Luxemburg knows both the purpose, and the limits, of democracy: “Fighting for women’s suffrage, we will also hasten the coming of the hour when the present society falls in ruins under the hammer strokes of the revolutionary proletariat,” she concludes.

·        The above is to introduce the original reading-text: Women’s Suffrage and Class Struggle, Luxemburg, 1912.

06 April 2015

No Woman Question?

No Woman, No Revolution, Part 2

No Woman Question?

The proletarian revolution is inconceivable without the involvement of the more than 50% of the population which is female. Bourgeois feminism cannot lead women towards proletarian revolution. Resolution of the contradictions that oppress women cannot be achieved under capitalism. These are the general and compelling circumstance that motivates this course, No Woman, No Revolution.

Alexandra Kollontai understood the limits of bourgeois feminism very well. In 1908 she wrote:

The [bourgeois] feminists seek equality in the framework of the existing class society, in no way do they attack the basis of this society.” (The full document is attached and the download is linked below). 

“Where, then, is that general ‘woman question’? Where is that unity of tasks and aspirations about which the feminists have so much to say? A sober glance at reality shows that such unity does not and cannot exist,” wrote Kollontai.

“The feminists declare themselves to be on the side of social reform, and some of them even say they are in favour of socialism — in the far distant future, of course — but they are not intending to struggle in the ranks of the working class for the realisation of these aims. The best of them believe, with a naive sincerity, that once the deputies’ seats are within their reach they will be able to cure the social sores which have in their view developed because men, with their inherent egoism, have been masters of the situation. However good the intentions of individual groups of feminists towards the proletariat, whenever the question of class struggle has been posed they have left the battlefield in a fright. They find that they do not wish to interfere in alien causes, and prefer to retire to their bourgeois liberalism which is so comfortably familiar,” says Kollontai.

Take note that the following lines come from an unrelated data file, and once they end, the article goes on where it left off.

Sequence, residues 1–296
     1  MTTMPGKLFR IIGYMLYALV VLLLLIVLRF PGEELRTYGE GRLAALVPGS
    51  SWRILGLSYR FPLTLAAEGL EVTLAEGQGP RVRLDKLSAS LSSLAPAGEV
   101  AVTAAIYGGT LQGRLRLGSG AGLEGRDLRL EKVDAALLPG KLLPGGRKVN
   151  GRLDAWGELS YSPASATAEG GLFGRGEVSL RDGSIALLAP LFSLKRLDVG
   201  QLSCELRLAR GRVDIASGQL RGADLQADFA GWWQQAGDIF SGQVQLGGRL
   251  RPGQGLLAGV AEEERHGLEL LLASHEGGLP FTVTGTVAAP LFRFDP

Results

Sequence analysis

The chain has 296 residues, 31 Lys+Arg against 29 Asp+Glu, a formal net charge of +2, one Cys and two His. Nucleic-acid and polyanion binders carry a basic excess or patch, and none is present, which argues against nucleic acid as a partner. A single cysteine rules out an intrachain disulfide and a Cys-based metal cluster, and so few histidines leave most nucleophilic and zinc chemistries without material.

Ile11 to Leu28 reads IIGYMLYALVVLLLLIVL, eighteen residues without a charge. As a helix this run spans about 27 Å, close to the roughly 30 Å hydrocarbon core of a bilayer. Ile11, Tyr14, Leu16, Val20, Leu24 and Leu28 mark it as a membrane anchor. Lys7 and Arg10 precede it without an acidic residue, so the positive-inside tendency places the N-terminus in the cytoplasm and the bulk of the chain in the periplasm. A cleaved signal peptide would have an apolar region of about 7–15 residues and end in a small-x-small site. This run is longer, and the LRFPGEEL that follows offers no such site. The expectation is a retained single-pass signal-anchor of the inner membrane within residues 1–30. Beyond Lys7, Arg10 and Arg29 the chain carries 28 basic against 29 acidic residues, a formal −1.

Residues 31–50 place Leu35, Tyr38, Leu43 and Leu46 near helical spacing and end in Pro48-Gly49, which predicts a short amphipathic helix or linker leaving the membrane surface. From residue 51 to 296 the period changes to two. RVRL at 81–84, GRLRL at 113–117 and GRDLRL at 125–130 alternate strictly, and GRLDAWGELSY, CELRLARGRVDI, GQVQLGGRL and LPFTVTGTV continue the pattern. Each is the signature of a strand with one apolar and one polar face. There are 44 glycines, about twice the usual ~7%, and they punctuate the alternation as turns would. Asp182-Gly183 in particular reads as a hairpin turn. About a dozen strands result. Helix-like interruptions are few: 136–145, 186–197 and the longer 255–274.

Kollontai was writing at the height of modern feminism’s first blooming, at the time of the “Suffragette” campaigns for votes for women in capitalist countries, which votes hardly existed at the time. Kollontai published her pamphlet “The Social Basis of the Woman Question” (attached) in 1909.

Kollontai saw two camps. In one camp were the feminists, who from Kollontai’s point of view were bourgeois feminists, by definition. In the other camp were women who were proletarian, or else partisans of the proletariat. She distinguished between these two camps as follows:

“However apparently radical the demands of the feminists, one must not lose sight of the fact that the feminists cannot, on account of their class position, fight for that fundamental transformation of the contemporary economic and social structure of society without which the liberation of women cannot be complete.

“If in certain circumstances the short-term tasks of women of all classes coincide, the final aims of the two camps, which in the long term determine the direction of the movement and the tactics to be used, differ sharply. While for the feminists the achievement of equal rights with men in the framework of the contemporary capitalist world represents a sufficiently concrete end in itself, equal rights at the present time are, for the proletarian women, only a means of advancing the struggle against the economic slavery of the working class. The feminists see men as the main enemy, for men have unjustly seized all rights and privileges for themselves, leaving women only chains and duties. For them a victory is won when a prerogative previously enjoyed exclusively by the male sex is conceded to the ‘fair sex’.